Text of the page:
Touch the Earth by Julian Lennon

Touch the Earth by Julian Lennon
Publisher: Sky Pony Press
Genre: Childrens (Ages 0-8 yrs), Contemporary
Rating: 4 Stars
Reviewed by Nymphaea

A New York Times bestseller that TODAY calls “beautiful” and “stunning!” Boys and girls can take to the air and learn how precious the Earth and her natural resources are.
This interactive book immerses children in a fun and unique journey. Jump aboard the White Feather Flier, a magical plane that can go wherever you want!

Just press a button printed on the page, and point the plane up in the air to fly, or down to land it!
Fly to the top of a mountain!
Send clean water to thirsty people!
Dive deep into the ocean (the Flier turns into a submarine!) to pick up pollution and bring back the fish!
Explore the planet, meet new people, and help make the world a better place!
The Flier’s mission is to transport readers around the world, to engage them in helping to save the environment, and to teach one and all to love our planet.
An inspiring, lyrical story, rooted in Lennon’s life and work, Touch the Earth is filled with beautiful illustrations that bring the faraway world closer to young children. The book includes words to a special poem written by Julian Lennon, specifically for Touch the Earth.

The first book of a bestselling trilogy that includes Heal the Earth and Love the Earth. A portion of the proceeds from book sales will go to support the environmental and humanitarian efforts of the White Feather Foundation, the global environmental and humanitarian organization that Lennon founded to promote education, health, conservation, and the protection of indigenous culture.

Sometimes we need to see the bigger picture before we can work on a smaller scale.

This book is fantastic in that it’s about the earth and how we can change what’s going on, but on a smaller scale. I liked that it’s lyrical and pretty, while educational. Lennon writes in a way that’s empathetic, but also sweet. It’s a love story to the earth, wrapped in a children’s book, and educational without being pushy. We need to fix the earth so we can all enjoy it. I loved it and the illustrations are beautiful.

If you’re looking for a book that’s pretty, educational and fun, then give this one a chance.

The Mystery Hat by Rune Brandt Bennicke and Jakob Hjort Jensen

The Mystery Hat by Rune Brandt Bennicke and Jakob Hjort Jensen
Publisher: Sky Pony Press
Genre: Children’s (0 – 6 y.o.), Middle Grade (8 – 12 y.o.), Mystery/Suspense/Thriller, Contemporary
Rating: 3 Stars
Reviewed by Astilbe

Crow, Pig, and Beaver are taking a nice stroll in the woods when they come across a red hat sitting in a puddle. Whose hat is it? What mysterious circumstances could have brought it to this very puddle? Crow thinks that Bear lost the hat when he fell into a giant hole. Perhaps Bear is holding his breath underground, waiting to be saved! Beaver thinks he’s got a better idea. Maybe Turtle, who was wearing the hat, was snatched up and made into yummy turtle soup by a crazed snowman! Can Pig come up with a logical explanation so that the friends can be rid of all these hogwash ideas?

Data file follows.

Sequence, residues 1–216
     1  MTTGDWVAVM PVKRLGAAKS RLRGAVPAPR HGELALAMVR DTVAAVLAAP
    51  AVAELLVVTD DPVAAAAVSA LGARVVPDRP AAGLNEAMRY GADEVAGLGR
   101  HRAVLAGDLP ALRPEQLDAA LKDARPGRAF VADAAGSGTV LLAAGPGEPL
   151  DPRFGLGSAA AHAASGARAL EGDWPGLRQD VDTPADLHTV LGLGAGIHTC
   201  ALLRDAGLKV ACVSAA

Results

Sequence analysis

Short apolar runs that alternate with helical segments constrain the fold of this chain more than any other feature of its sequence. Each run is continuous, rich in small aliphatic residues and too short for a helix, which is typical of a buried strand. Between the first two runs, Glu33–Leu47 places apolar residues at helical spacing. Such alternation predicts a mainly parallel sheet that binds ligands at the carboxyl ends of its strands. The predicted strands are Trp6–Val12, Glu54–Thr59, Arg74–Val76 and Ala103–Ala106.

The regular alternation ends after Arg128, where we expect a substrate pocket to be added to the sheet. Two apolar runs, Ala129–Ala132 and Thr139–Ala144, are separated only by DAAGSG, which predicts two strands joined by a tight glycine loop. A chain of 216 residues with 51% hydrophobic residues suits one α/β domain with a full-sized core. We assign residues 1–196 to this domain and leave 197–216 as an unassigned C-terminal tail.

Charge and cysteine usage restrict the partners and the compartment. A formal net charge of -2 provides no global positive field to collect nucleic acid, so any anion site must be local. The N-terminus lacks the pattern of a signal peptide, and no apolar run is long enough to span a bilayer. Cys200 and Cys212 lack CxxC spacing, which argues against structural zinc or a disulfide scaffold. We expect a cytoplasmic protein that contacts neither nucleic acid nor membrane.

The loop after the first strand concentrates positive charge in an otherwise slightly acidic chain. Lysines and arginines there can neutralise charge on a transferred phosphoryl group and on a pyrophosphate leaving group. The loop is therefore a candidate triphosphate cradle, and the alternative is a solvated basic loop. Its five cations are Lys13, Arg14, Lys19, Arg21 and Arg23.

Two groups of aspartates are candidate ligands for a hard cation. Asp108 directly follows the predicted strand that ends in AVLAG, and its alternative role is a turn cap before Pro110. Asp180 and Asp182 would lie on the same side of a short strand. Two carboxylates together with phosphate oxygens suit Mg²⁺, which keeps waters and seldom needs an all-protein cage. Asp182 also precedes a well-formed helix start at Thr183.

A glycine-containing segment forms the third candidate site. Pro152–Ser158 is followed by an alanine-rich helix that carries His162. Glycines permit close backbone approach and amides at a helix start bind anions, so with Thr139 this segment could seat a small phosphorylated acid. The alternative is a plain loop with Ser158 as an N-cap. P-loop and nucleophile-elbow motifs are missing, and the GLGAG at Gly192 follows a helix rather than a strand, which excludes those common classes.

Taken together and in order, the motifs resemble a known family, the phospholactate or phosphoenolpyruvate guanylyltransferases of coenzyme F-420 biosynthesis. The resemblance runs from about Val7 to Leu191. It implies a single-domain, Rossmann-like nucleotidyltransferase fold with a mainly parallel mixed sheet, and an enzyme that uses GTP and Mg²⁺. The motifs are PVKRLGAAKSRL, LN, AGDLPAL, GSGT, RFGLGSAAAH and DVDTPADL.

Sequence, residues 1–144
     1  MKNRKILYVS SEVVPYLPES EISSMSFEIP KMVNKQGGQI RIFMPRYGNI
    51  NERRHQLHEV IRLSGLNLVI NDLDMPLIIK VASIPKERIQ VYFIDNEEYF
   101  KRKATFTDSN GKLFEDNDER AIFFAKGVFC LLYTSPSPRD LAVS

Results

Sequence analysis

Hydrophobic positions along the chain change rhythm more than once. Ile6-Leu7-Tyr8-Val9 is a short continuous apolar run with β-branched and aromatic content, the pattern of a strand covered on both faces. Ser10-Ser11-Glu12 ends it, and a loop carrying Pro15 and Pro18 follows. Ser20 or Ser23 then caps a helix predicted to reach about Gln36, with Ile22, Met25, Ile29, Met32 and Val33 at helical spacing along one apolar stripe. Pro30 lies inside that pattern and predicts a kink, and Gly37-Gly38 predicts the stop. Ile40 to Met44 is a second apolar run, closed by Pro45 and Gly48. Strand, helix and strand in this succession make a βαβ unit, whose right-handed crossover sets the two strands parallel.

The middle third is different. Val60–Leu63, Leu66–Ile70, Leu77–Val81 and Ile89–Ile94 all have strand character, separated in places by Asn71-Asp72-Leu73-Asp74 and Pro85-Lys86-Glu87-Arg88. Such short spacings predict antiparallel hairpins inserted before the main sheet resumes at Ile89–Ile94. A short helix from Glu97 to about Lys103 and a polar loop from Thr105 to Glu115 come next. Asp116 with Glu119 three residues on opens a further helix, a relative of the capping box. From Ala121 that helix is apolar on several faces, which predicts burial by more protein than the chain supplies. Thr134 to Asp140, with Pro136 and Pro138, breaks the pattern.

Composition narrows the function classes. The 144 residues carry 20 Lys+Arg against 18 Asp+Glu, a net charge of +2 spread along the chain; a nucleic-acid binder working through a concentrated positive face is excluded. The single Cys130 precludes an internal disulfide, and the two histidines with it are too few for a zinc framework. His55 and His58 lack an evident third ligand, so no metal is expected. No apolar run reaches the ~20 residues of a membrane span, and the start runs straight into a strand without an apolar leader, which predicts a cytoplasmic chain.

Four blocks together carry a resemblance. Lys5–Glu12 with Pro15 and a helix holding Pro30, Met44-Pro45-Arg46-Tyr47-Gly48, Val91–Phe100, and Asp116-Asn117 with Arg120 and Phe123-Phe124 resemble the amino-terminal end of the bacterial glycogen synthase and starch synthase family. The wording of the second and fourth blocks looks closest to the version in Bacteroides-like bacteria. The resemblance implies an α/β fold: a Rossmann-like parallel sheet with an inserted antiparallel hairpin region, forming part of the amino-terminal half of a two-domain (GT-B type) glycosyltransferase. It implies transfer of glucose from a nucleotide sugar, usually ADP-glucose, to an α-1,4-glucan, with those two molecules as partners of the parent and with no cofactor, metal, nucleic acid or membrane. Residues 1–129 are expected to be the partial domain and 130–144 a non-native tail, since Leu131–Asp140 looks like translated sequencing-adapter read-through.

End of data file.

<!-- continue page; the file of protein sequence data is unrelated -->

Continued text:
Imaginations run wild in this hilarious picture book from Rune Brandt Bennicke and Jakob Hjort Jensen. The Mystery Hat is sure to get a chuckle from all during the cold winter months.

Who wouldn’t want to solve a mystery in a peaceful winter forest?

It was amusing to see how Pig’s calm and rational personality reacted to the creative and sometimes dramatic things his friends said. He was nothing like them in many ways, and yet their friendships were strong and kind ones. This was one of the things that first drew me into the storyline given how warmly the narrator described every character no matter who they were or how they behaved. I was curious to see how characters with such wildly different personalities would get along.

There was a scene involving a snowman who wanted to add one of these characters’ friends to a pot of soup he was making that I thought was a little too scary for the younger portion of this audience. Some kids might find it amusing, but I would have been frightened by that idea as a preschooler. This is one of those situations where grown-ups should know their audience well and be prepared to tailor that plot twist to something gentler if needed. As much as I liked the storyline in general, I would need to think carefully before reading this to younger kids who are sensitive to things like mistreating animals.

I enjoyed seeing how Pig used logic and reason to figure out what really happened to the missing hat. He was a smart animal who clearly took his time to consider all of the explanations before offering his own opinion about what happened. Critical thinking also isn’t something I’ve seen addressed in many picture books, but it’s an important skill for everyone to learn.

The Mystery Hat made me smile.